Fourteen eager travelers met at the Atlanta Airport on Thursday, September 18, 2014, to begin a thirteen-day adventure that included the nineteenth annual UK Sacred Harp Convention, the second Camp Fasola Europe, and the third annual Poland Sacred Harp Convention. The travelers included David and Karen Ivey, trip hosts and camp instructors from Huntsville, Alabama, and camp instructors Jesse P. Karlsberg from Atlanta, Georgia, Bridgett Kennedy and Buell Cobb from Birmingham, Alabama, and Dan Brittain, from Harrison, Arkansas. Our group was rounded out with lovers of Sacred Harp (and travel) from Alabama, Tennessee, North Carolina, and beyond: Gail Doss from Nashville, Tennessee; Eddie Mash from Knoxville, Tennessee; Linda Thomas from Oneonta, Alabama; me (Kathy Williams), from Cullman, Alabama; Jo Dell Albi from New Lenox, Illinois; Susan Cherones from Cloudland, Georgia, and Henagar, Alabama; and Gill and Pam Minor from Wilmington, North Carolina. An interesting thing about that flight is that we flew right over the British Isles to a layover in Frankfurt, Germany, then hopped right back west to Manchester. Our layover in Frankfurt was long enough to have a wonderful breakfast together before meeting our connecting flight.
Upon our arrival in Manchester on Friday morning, we met our first glitch: Linda Thomas’s luggage didn’t arrive! After the first jolt of panic, the loss was reported, and the luggage was found to still be in Atlanta. Given the time difference, we hoped it would be put on a flight from Atlanta that day, and that it would arrive soon! We met our coach outside the airport and traveled about an hour to Sheffield in South Yorkshire, where we checked into our hotel and had the rest of the day to explore, rest, shop, and find restaurants.
Early Saturday morning, after a full English breakfast at our hotel, we made our way to the singing venue, where an astonishing crowd was gathering! What followed was a wonderful day of singing, food, fellowship, and fun. Among the most energetic and heartfelt tunes we sang were some of the slower plain tunes in the first hundred pages of our tunebook. It was a wonderful day of reunion, meeting new singers, and bringing our hearts together to sing.
When we returned to our hotel that afternoon, Linda’s mysteriously delayed luggage had arrived (celebration time!). The social that followed on Saturday night was highlighted by fish and chips dinners we had ordered during the day, followed by volunteer entertainment by singers who displayed their musical talents in genres outside of Sacred Harp. One memorable performance was Steven Levine’s rendition of an Australian song called “Bill and the Bear,” which recounts the true story of a Glaswegian emigrant to Australia, William Sinclair. Bill became famous for defeating a bear when a circus visited nearby, hence six verses and the chorus after each:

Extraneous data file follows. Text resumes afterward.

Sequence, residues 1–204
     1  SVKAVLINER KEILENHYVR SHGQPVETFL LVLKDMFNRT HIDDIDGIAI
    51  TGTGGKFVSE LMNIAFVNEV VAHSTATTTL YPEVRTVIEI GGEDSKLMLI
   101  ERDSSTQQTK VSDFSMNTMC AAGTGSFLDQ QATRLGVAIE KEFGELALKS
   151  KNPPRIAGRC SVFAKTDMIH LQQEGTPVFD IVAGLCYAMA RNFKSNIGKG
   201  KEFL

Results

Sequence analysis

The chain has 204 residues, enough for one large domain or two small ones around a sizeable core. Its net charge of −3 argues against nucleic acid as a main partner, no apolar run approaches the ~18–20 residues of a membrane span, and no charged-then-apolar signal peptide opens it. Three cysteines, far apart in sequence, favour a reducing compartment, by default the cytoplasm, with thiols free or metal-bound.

And were you there in the cold night air
when William Sinclair he fought the bear?
Were you there to see William Sinclair
When he wrestled the bear to the ground?
Sunday’s singing was just as robust and memorable as Saturday’s, and as always on the final day of a convention, poignant and bittersweet. Some memories of that day: beautiful Memorial Lesson, amazing lunch, an array of exotic cheeses, sweet goodbyes, the Parting Hand, promises to sing together again soon, and the common language of Sacred Harp music binding us together.
Monday brought an early flight from Manchester to Gdansk, Poland, where we were met by our guide and coach for the hour’s drive to Chmielno for the official beginning of Camp Fasola Europe. After checking in, receiving our black, white, and orange tee shirts and room assignments, we had time to do some visiting in the town of Chmielno. My favorite stop of that afternoon was at a local family pottery business, which has been operated by the same family for several generations. They have a series of designs for their work, which no one else is permitted to use. We had a tour of the building, a demonstration of the potter’s wheel, the painting and glazing, and ended in a small showroom where it was not possible to leave without buying some beautiful mugs. It is also impossible not to describe this picturesque area of Poland, with high, rolling hills and beautiful lakes. The resort in Chmielno is in a lovely setting on the shore of one of those lakes. The buildings and grounds are gorgeous, one of the buildings sporting a thatched roof.